Thus, the law in West Virginia is that where a person, acting under a mistake as to the true boundary lines between his or her land and that of another, takes possession of land believing it to be his or her own, up to the mistaken line, claims a prescriptive right to it and so holds, the holding is adverse, and, if continued for the requisite period may ripen into adverse possession. The fact that the one who takes possession under these circumstances had no intention of taking what did not belong to him or her, does not effect the operation of this rule. In all cases, the intention and not the mistake is the test by which the character of the possession is determined.
In addition to recognizing the common law doctrine of adverse possession, we have long recognized the principle of "tacking." In Syllabus Point 3 of Jarrett v. Stevens, 36 W. Va. 445, 15 S.E. 177 (1892), we stated that, "[t]o tack different adverse possessions to make up the period of bar the persons holding such possessions must be connected by privity of title or claim." See Roy v. Cunningham, 46 Wn. App. 409, 413, 731 P.2d 526, 529 (1986) ("Where there is privity between successive occupants holding continuously and adversely to the true title holder, the successive periods of occupation may be tacked to each other to compute the required 10-year period of adverse holding.") (citations omitted); Roan v. Carter, 427 So.2d 1337, 1340 (La.App. 1983) ("One may tack [on] the possession of ancestors in title for the purpose of [adverse possession] whether or not the disputed land is included within his title.") (citation omitted); Watson v. Price, 356 So.2d 625, 627 (Ala. 1978) ("tacking of periods of possession by successive possessors is permitted against the co-terminous owner seeking to defeat such [claim], unless there is a finding, supported by evidence, that the claimant's predecessor in title did not intend to convey the disputed strip."). An excellent and practical description of tacking was given in the case of Kelley v. Long, 3 Neb. App. 467, 473, 529 N.W.2d 72, 77 (1995), wherein that court stated:
"To permit tacking of successive adverse possession of grantees of an area not within the calls of a deed . . . but contiguous thereto, among the ultimate facts to be established is the intended and actual transfer and delivery of such area to the grantees as successors in ownership, possession and claim. Privity means privity of possession. It is the transfer of possession, not title, which is the essential element."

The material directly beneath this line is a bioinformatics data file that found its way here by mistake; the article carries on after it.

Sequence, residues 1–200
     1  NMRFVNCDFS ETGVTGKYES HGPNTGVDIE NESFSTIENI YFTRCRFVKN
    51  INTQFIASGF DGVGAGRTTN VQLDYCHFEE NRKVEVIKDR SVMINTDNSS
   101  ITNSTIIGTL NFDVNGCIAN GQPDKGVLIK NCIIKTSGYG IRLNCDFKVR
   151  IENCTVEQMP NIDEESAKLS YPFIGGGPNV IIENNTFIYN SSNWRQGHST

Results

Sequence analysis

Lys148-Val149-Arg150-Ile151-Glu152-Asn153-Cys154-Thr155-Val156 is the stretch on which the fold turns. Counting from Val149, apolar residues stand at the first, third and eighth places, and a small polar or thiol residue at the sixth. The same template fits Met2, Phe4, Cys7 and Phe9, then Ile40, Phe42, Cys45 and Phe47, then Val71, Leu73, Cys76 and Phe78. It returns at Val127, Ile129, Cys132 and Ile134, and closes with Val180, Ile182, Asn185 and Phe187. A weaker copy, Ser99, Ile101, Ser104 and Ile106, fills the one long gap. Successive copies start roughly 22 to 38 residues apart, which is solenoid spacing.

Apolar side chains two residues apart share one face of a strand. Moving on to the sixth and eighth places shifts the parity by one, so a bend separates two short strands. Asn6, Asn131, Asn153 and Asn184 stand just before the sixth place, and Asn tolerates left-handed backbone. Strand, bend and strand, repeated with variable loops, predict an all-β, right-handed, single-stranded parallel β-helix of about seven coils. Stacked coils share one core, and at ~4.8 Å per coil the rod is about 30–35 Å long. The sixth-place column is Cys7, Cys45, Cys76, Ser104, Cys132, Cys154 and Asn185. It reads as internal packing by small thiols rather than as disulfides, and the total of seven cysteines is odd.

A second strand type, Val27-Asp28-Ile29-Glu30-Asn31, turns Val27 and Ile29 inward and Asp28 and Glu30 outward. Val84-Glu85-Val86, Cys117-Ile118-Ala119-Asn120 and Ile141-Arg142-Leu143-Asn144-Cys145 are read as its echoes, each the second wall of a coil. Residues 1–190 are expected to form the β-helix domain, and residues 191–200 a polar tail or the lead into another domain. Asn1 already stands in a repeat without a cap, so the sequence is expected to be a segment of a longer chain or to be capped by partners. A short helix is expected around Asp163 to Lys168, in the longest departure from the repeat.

With the above principles of law in view, we now turn to the evidence presented below. The plaintiffs called three witnesses during their case-in-chief. Plaintiff Mr. Brown testified that he and his wife purchased property in 1989, and that their deed gave them ownership of the two-feet-wide tract. The plaintiffs called Dana Pettrey, the surveyor of their property. Mr. Pettrey testified that his survey in 1989, revealed that the two-feet-wide tract of land was part of the plaintiffs' property. The plaintiffs also called defendant Mrs. Gobble for the purpose of showing that the defendants did not have possession of the two-feet-wide tract ten years prior to the month of August, 1995, when the plaintiffs first exercised ownership rights to the two-feet-wide tract. During the plaintiffs' case-in-chief, the following exchange occurred between defendant Mrs. Gobble and counsel for plaintiffs:
Q. Mrs. Gobble, you have not lived on that property for 10 years, have you?
A. No, sir.
Q. It won't be 10 years until April, 1995?
A. Yes, sir.
The defendants do not contend that they are the lawful owners of the two-feet-wide tract of boundary land as a result of call references in their deed. That is, they do not claim possession under color of title. They have alleged ownership through claim of title or right. The defendants also do not contend that they have personally possessed the two-feet-wide tract for the requisite ten-year period. Instead, they contend that they have established adverse possession by tacking on the time periods that their predecessors in title claimed the two-feet-wide tract. We have held that "tacking" permits adding together the time period that successive adverse possessors claim property, and that should this period of time added together be more than ten years, adverse possession may be allowed. See Reger v. Wiest, 172 W. Va. 738, 310 S.E.2d 499 (1983).